A student who does not pass the comprehensive examination may be permitted to repeat it once. Examinations or theses of students receiving Honors or Fail are read by at least two readers.

Academic Senate Regulation 9.3.1 contains the general policy on grading of comprehensive examinations. 

UCSC Undergraduate Grading Policies

Students entering before fall 2001 please see appendix F.

Enrollment

When students enroll, letter grading is the default. The Pass/No Pass option is available only to students in good academic standing. Students may change the grading option up until the 15th day of instruction.

Withdrawal

After the last day to drop a course, students may withdraw from a course whether enrolled for a letter grade or for Pass/No Pass grading. The Academic and Administrative Calendar lists deadlines for withdrawing from a course. After the deadline, students may only withdraw from a course for documented medical or emergency reasons.

Grades

If enrolled in a course for a letter grade, students will receive a grade of A+, A, A-, B+, B, B-, C+, C, C-, D+, D, D-, F, W (Withdraw), I (Incomplete), or IP (In Progress). If enrolled in a course for Pass/No Pass, students will receive a grade of P (Pass), NP (No Pass), W (Withdraw), I (Incomplete), or IP (In Progress).

Evaluations

Undergraduate evaluations are provided at the option of the faculty. In each course for which you receive a grade of D or better (or P), an evaluation of your academic performance may be submitted.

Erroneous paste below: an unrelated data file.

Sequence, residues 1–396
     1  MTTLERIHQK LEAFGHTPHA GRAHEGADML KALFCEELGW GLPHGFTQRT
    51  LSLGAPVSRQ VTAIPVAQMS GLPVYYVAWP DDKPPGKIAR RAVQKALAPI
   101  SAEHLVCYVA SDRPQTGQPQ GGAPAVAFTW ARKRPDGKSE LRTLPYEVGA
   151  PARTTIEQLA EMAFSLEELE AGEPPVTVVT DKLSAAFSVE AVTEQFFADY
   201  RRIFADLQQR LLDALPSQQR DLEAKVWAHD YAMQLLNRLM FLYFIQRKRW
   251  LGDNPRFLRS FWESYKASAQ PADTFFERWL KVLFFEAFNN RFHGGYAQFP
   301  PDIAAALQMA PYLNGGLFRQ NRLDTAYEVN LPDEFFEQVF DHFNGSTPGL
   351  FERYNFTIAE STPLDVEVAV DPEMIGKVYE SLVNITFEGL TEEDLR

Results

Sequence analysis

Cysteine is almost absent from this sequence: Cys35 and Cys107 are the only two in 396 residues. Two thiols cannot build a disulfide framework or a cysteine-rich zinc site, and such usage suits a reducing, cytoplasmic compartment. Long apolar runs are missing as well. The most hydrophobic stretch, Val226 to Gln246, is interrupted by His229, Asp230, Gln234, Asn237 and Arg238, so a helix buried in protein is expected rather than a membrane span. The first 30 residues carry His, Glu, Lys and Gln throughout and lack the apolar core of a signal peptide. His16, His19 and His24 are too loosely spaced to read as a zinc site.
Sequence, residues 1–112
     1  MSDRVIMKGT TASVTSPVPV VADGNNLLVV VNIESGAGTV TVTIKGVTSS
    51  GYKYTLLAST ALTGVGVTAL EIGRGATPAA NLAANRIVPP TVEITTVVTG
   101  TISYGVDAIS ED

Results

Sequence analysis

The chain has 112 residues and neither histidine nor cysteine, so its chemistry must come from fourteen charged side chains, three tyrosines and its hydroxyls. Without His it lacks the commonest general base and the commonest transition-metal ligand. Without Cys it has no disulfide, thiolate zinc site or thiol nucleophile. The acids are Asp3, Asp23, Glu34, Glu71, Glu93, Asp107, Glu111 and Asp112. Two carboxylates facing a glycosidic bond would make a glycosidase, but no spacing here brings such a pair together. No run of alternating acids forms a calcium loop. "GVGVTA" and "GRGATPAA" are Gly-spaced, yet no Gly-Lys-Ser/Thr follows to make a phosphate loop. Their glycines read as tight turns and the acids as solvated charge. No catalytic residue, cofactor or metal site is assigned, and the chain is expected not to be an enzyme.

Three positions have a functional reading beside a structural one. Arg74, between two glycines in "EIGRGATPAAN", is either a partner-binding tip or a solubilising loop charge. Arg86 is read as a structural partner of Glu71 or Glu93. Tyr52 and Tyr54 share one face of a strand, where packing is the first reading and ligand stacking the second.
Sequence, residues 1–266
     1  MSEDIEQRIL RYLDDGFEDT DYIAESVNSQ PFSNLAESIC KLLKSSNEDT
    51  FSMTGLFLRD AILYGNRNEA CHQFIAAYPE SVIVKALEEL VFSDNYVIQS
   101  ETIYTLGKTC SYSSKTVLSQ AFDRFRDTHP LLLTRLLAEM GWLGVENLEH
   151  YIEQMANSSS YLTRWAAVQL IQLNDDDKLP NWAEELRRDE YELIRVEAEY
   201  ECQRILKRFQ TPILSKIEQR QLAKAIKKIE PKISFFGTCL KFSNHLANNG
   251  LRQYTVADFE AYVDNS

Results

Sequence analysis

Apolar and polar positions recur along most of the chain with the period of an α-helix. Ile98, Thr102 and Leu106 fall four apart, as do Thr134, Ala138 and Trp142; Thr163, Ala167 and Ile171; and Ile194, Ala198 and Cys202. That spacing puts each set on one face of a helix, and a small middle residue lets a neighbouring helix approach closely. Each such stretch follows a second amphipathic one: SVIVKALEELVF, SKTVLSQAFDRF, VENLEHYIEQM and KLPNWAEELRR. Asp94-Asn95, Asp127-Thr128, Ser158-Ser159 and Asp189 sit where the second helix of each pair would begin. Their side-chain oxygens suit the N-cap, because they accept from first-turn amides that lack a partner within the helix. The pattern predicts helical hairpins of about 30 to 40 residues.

UCSC Grade Point Average

For all students, a UCSC GPA is calculated from UCSC courses, courses taken through the Education Abroad Program, courses taken on another UC campus in an intercampus exchange program, and courses taken from UCSC Extension through Open Campus (formerly called Concurrent Enrollment). The first course taken at UC Extension through Concurrent Enrollment after matriculation at UCSC will be calculated towards the GPA. Additional courses taken through UC Extension will not be calculated in the GPA. The UCSC GPA is displayed on the official transcript. Courses taken through the Domestic Exchange Program are not calculated in the UC or the UCSC GPA.

UC Grade Point Average

All students have a UC GPA calculated from courses taken for a letter grade at UCSC, at other UC campuses, through the Education Abroad Program, and through UCSC Extension’s Open Campus. The UC GPA is not on the official transcript but is available on MyUCSC when checking grades from a previous quarter. Your UC GPA must be at least 2.0 in order for you to graduate. Courses taken through the Domestic Exchange Program are not calculated in the UC or the UCSC GPA.

Satisfying Requirements

Departments may require that some or all courses used to satisfy the major must be taken for a letter grade.